‘Bandwidth Boomers’ outnumber younger online users

Assumption: MySpace and its ilk belong primarily, if not exclusively, to the young. Fact, according to a study by Leger Marketing: Over-30 codgers are more than holding their own in this sphere.

A new Leger Marketing study has found that the percentage of individuals aged 30+ who are habitually online is not only continuing to rise, it has actually surpassed that of younger demographics (13-30). Four in five of the over-30 respondents the report dubbed ‘Bandwidth Boomers’ say their experiences interacting with people online have been positive, including shopping on eBay, participating in blogs or discussion boards or meeting people.

Fully 73% of Canadians aged 30 and over rely on the Internet to search for local news and products to buy within their communities. In fact, 70% of respondents now cite the Internet as their resource of choice for finding local services, such as handymen or domestic help. The vast majority (89%) cited convenience, ease of use and variety of goods they find online as reasons for turning to the Internet.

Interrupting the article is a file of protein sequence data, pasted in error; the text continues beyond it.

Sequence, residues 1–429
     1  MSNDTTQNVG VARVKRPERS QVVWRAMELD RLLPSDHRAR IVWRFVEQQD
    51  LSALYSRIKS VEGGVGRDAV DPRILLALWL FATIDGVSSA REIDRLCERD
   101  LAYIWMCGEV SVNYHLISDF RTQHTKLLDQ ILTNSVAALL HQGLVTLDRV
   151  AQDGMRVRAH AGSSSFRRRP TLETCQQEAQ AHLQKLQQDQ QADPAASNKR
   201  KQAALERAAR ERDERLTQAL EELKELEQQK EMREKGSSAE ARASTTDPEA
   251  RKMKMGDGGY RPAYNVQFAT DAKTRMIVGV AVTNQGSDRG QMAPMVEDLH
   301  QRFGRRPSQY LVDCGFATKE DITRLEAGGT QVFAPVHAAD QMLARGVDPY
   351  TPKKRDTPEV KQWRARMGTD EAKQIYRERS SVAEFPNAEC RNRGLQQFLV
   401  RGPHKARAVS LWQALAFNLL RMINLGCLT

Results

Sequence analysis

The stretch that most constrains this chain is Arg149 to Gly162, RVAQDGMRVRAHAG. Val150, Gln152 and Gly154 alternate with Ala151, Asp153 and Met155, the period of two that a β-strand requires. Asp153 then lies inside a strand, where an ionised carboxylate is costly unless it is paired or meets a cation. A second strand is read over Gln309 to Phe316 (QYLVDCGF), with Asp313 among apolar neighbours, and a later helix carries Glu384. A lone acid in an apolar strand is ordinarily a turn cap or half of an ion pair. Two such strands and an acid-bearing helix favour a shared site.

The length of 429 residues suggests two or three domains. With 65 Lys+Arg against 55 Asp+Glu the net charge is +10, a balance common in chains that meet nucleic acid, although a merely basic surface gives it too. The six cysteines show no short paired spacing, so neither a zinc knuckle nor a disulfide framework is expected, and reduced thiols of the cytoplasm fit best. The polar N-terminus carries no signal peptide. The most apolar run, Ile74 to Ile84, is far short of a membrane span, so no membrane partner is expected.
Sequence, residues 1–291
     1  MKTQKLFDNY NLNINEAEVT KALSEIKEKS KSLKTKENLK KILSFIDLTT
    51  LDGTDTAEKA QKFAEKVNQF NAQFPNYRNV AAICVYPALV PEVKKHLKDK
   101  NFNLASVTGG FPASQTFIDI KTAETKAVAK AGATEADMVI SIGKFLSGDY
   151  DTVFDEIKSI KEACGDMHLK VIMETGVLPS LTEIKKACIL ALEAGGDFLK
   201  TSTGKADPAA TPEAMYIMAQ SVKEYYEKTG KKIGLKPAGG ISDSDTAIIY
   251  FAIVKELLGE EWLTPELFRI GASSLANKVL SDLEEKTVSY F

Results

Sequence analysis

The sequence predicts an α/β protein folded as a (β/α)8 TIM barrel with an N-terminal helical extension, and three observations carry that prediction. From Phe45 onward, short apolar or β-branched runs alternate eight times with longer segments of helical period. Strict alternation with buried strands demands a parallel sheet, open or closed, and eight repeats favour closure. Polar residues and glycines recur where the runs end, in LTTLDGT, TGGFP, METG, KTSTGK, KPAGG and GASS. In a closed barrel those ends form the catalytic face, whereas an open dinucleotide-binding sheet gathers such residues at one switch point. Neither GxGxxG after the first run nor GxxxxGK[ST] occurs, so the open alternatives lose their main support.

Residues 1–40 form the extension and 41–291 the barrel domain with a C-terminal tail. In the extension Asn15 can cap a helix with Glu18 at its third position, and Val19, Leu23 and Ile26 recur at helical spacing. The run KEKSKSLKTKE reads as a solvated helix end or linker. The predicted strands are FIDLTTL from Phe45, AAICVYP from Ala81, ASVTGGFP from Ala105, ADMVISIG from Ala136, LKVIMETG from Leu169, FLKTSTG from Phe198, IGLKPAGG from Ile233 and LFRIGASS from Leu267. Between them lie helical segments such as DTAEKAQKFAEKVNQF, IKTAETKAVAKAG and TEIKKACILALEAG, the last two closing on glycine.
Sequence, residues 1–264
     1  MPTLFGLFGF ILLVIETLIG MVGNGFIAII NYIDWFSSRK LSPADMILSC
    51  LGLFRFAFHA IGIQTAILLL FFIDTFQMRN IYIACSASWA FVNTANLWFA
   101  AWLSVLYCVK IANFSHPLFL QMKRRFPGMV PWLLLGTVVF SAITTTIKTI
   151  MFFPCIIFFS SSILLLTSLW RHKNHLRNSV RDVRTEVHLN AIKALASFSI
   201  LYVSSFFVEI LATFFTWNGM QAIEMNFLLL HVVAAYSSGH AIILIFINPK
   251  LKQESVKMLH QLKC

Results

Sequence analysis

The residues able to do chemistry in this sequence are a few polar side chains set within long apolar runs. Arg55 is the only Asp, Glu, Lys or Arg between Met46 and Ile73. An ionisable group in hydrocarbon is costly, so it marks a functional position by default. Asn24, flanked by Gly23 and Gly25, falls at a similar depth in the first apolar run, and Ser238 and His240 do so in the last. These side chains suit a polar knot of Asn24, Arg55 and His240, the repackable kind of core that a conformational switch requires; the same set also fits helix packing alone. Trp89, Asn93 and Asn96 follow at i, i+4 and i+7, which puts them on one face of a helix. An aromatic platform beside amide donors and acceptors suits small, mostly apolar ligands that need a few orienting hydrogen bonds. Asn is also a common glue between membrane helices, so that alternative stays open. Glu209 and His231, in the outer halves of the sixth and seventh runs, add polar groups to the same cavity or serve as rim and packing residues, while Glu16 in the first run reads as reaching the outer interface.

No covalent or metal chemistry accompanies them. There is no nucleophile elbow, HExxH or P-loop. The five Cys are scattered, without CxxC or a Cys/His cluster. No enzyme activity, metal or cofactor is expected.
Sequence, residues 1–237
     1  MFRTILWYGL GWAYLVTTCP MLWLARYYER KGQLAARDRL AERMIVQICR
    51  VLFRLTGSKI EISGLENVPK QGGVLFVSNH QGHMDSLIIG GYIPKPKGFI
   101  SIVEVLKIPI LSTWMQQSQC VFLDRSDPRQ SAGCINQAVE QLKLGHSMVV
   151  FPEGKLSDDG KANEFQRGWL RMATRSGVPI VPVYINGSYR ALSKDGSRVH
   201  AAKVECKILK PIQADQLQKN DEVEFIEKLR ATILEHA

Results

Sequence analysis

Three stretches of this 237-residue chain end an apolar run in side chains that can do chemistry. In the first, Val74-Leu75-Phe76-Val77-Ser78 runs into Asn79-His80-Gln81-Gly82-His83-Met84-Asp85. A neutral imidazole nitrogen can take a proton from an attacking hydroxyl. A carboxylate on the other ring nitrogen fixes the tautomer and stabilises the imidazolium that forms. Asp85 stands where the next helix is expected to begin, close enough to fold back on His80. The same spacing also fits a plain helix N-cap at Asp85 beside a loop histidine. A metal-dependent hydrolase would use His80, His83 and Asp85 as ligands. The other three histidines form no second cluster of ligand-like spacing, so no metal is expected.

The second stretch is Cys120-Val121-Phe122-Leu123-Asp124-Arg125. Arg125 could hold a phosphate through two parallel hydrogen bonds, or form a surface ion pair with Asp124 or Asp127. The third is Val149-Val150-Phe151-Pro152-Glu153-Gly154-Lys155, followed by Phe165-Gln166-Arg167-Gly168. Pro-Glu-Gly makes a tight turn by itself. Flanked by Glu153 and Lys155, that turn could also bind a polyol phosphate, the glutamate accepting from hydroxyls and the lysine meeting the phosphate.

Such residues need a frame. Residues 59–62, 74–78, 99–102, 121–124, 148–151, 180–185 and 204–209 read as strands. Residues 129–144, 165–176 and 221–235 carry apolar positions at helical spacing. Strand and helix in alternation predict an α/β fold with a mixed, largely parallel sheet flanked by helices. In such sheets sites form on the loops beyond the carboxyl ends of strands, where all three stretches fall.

Regional differences unearthed by the survey include the facts that: British Columbians are the most active users of community websites: Ontarians cite the highest rate of searches for products to buy online; Quebeckers have the highest preference for online classifieds; and more than one-third of Albertans look for jobs online, while one-quarter search for housing online.

The survey was commissioned by Kijiji Canada – the largest classifieds website in Canada, with almost two million Canadian visitors annually. Leger Marketing (a Canadian representative of Gallup International) conducted the survey from December 13-18, 2006, with a representative sample of 1,000 Canadians over the age of 30.